Can an Essay Writing Service Threaten to Tell My School if I Don't Pay?
It is always possible for someone to sue, but it is unlikely they would succeed if they voluntarily issued a refund based on a failure to deliver on time. Blackmail is the crime of threatening to reveal embarrassing, disgraceful or damaging information about a person to the public, family, spouse or associates unless money is paid to purchase silence. It is a form of extortion. Because the information is usually substantially true, it is not revealing the information that is criminal, but demanding money to withhold it. Blackmail has been defined in the broad sense to mean "compelling someone to act against their will or gaining or attempting to gain something of value." Courts vary on interpreting what "something of value" includes, but it is not necessarily a money payment in all cases. A criminal complaint is typically filed with the local police department or prosecutor's office.
A person obtains property by extortion when he compels or induces another person to deliver such property to himself or to a third person by means of instilling in him a fear that, if the property is not so delivered, the actor or another will:
(i) Cause physical injury to some person in the future; or
(ii) Cause damage to property; or
(iii) Engage in other conduct constituting a crime; or
(iv) Accuse some person of a crime or cause criminal charges to be instituted against him; or
(v) Expose a secret or publicize an asserted fact, whether true or false, tending to subject some person to hatred, contempt or ridicule; or
(vi) Cause a strike, boycott or other collective labor group action injurious to some person's business; except that such a threat shall not be deemed extortion when the property is demanded or received for the benefit of the group in whose interest the actor purports to act; or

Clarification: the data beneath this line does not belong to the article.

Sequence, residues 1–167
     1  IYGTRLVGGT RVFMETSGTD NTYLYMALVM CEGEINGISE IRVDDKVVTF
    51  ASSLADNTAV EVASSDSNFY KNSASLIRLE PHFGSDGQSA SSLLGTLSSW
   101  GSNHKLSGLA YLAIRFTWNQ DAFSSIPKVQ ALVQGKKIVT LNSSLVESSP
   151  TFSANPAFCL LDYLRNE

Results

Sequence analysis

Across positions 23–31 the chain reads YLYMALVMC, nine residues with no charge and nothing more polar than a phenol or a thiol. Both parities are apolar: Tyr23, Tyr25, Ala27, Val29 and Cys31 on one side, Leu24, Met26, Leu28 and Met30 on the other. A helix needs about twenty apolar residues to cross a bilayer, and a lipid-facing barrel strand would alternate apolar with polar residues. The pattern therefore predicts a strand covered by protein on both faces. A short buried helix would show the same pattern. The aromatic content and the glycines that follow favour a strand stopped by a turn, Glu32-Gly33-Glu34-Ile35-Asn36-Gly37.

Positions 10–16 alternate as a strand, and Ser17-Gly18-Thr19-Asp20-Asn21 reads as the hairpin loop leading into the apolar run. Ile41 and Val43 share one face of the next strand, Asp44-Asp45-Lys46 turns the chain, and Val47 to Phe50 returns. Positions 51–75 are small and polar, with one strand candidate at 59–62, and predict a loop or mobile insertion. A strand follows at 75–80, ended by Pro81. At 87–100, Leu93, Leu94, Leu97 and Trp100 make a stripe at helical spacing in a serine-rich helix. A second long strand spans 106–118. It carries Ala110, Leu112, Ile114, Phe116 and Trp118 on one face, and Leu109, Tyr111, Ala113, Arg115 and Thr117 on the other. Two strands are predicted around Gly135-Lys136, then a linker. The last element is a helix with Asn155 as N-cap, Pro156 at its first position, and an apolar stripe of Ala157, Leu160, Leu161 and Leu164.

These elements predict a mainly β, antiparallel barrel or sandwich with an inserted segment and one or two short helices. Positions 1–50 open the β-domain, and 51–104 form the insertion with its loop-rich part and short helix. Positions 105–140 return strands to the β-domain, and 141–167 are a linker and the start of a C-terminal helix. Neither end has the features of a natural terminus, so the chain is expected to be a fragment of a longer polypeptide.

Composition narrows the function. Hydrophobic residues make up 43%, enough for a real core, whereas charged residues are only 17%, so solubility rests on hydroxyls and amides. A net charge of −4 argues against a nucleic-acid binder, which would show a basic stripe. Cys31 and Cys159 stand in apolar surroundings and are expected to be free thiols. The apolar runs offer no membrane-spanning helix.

(vii) Testify or provide information or withhold testimony or information with respect to another's legal claim or defense; or
(viii) Use or abuse his position as a public servant by performing some act within or related to his official duties, or by failing or refusing to perform an official duty, in such manner as to affect some person adversely; or
(ix) Perform any other act which would not in itself materially benefit the actor but which is calculated to harm another person materially with respect to his health, safety, business, calling, career, financial condition, reputation or personal relationships.
It is a matter of administrative decision-making by the school how to punish plagiarism. A person may be found guilty of plagiarism if one did not intend to or knowingly attempt to steal another’s ideas or pass another's work off as one's own. In the school setting, it is generally a matter of internal administrative decision-making. While the school may have applicable guidelines to follow in disciplinary matters, it often is a matter of subjective determination. It is more of an administrative than a legal matter.
Typically, the courts will review such cases only insofar as ensuring that due process rights were afforded to the student in the disciplinary procedures. This will involve such considerations as whether the student was served with a written notice of charges; she was made aware of grounds which would justify her expulsion or suspension by way of the student handbook; the hearing tribunal afforded her an opportunity to hear and confront the evidence presented against her and an opportunity to be heard and to offer other evidence if she chose; she was accorded the right to have someone from the college community to assist her in the proceedings; she was informed of the tribunal's finding; she was given access to its decision for her personal review; and, she was advised in writing of the discipline imposed.
For examples of standards applied to plagiarism charges, please see: